In Coronavirus Quarantine, Diamond Princess Passengers Form Unique Online Community
Updated at 10:49 p.m. ET
The quarantine of the Diamond Princess cruise ship has spawned several online communities, with passengers forming groups on WhatsApp and Facebook to break through the isolation and share information. While they exchange information, they also focus on keeping each other's spirits up.
"We check on each other to see how we are each doing daily," passenger Aun Na Tan of Australia said in a message to NPR.
The postings on Facebook and messages sent via email are mainly "just words of encouragement and a friendly ear" among people whose lives have been sidetracked by a global health emergency, Tan says.
The passengers are only halfway through the 14-day quarantine, which is slated to end on Feb. 19.
Nearly 100 passengers have joined a special private Facebook group for those aboard the ship. The private group, which was begun by two Australian passengers, has the stated goal of creating a place to " 'let off steam' and cheer each other up."
But some passengers are limiting their time on Facebook, partly because many of the public discussions about the cruise ship that they've seen there have been negative.
"The platforms have helped tremendously," passenger Kent Frasure of Oregon told NPR via text message. "The WhatsApp group is filled with friends and is a very positive and supportive place."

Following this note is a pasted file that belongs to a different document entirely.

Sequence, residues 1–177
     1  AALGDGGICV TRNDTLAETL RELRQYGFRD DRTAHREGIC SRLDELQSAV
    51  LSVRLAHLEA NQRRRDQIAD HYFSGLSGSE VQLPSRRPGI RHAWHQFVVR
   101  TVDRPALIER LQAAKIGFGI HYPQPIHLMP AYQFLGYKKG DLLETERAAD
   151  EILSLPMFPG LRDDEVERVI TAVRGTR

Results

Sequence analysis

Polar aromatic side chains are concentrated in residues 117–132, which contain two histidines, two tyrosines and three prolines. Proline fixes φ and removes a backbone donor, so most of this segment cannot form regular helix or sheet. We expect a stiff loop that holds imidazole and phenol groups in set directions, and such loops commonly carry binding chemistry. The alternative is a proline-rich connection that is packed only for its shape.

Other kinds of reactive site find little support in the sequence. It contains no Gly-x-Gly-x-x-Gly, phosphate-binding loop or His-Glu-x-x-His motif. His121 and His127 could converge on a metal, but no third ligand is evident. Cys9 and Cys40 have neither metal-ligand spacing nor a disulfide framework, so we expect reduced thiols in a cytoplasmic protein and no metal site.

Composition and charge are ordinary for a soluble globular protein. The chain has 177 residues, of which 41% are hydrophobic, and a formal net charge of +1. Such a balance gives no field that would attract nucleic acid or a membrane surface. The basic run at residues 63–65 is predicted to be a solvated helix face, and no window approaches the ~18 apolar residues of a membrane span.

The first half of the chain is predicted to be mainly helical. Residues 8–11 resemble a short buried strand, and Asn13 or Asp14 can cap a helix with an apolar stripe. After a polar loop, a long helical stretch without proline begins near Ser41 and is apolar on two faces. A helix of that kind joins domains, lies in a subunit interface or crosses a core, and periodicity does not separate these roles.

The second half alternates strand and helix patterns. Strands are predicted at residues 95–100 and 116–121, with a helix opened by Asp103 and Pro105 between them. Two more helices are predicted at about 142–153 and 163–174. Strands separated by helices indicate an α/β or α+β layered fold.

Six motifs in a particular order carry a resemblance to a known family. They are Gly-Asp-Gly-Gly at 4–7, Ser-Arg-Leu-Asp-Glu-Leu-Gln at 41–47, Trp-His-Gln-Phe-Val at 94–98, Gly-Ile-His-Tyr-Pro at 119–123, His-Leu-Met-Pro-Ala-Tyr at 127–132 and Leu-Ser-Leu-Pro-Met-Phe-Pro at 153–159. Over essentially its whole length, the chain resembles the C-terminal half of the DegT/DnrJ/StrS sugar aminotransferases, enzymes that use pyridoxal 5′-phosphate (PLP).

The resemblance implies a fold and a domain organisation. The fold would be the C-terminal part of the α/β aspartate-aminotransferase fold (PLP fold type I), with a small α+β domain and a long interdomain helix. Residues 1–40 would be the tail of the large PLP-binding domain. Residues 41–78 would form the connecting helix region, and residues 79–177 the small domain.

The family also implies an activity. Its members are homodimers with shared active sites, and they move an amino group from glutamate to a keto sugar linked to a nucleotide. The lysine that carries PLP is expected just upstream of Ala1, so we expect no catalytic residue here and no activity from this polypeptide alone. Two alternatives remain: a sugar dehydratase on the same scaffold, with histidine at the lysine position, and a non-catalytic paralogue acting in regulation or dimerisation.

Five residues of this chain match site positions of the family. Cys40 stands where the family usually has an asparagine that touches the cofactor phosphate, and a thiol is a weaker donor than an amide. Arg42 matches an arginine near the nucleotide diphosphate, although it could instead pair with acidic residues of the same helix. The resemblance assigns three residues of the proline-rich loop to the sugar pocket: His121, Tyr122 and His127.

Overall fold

Passengers who are lucky enough to have a balcony often simply chat while getting fresh air, Frasure added.
With many of its guests trapped in their rooms except for brief turns on the deck, Princess Cruises has widened Internet access and increased entertainment offerings on the ship's TVs. The Diamond Princess staff is also making videos to distract the passengers and help them exercise, with segments that range from quizzes and napkin folding to a dance and stretching class led by the onboard fitness instructor.
One of the most popular in-house TV offerings has been the Magic of the Day show put on by magician Sunny Chen, a native of Taiwan who is among those quarantined.
"Thanks @sunnychenmagic for putting effort to show us amazing magic, my son loves him," passenger Yardley Wong wrote on Wednesday. She later added, "Sunny is soo good. My son copied his card magic all night long."
Chen is posting video updates to his own Facebook page. And he says the roughly 20 Taiwanese who are on board have formed their own online group, which he describes as a place for them to support each other.
"Received a lot of encouragement and support!!" Chen said in one recent post, speaking in Mandarin.
"My original intention was to bring joy to all viewers," Chen said of his career as a magician. "Now as a victim of the virus crisis, I am really moved as I feel the strength you are delivering to me. Passengers on board are also cheering each other on! We have to help each other to get through this challenge together!"
The passengers share an oddly disjointed existence: While more than 2,600 of them are on the same ship, they're largely isolated from each other, to keep the coronavirus from spreading. So to share information and answer questions, they've formed their own groups online.
Faced with two weeks of monotony, several of those on board have also sparked lively discussions by sharing videos of shipboard activities and photos of their meals, drawing comments from both their fellow passengers and the public.
American passenger Matthew Smith has been tweeting out images of his meals — with mostly enthusiastic mini-reviews. Hundreds of people have responded to those posts, including some of his fellow passengers.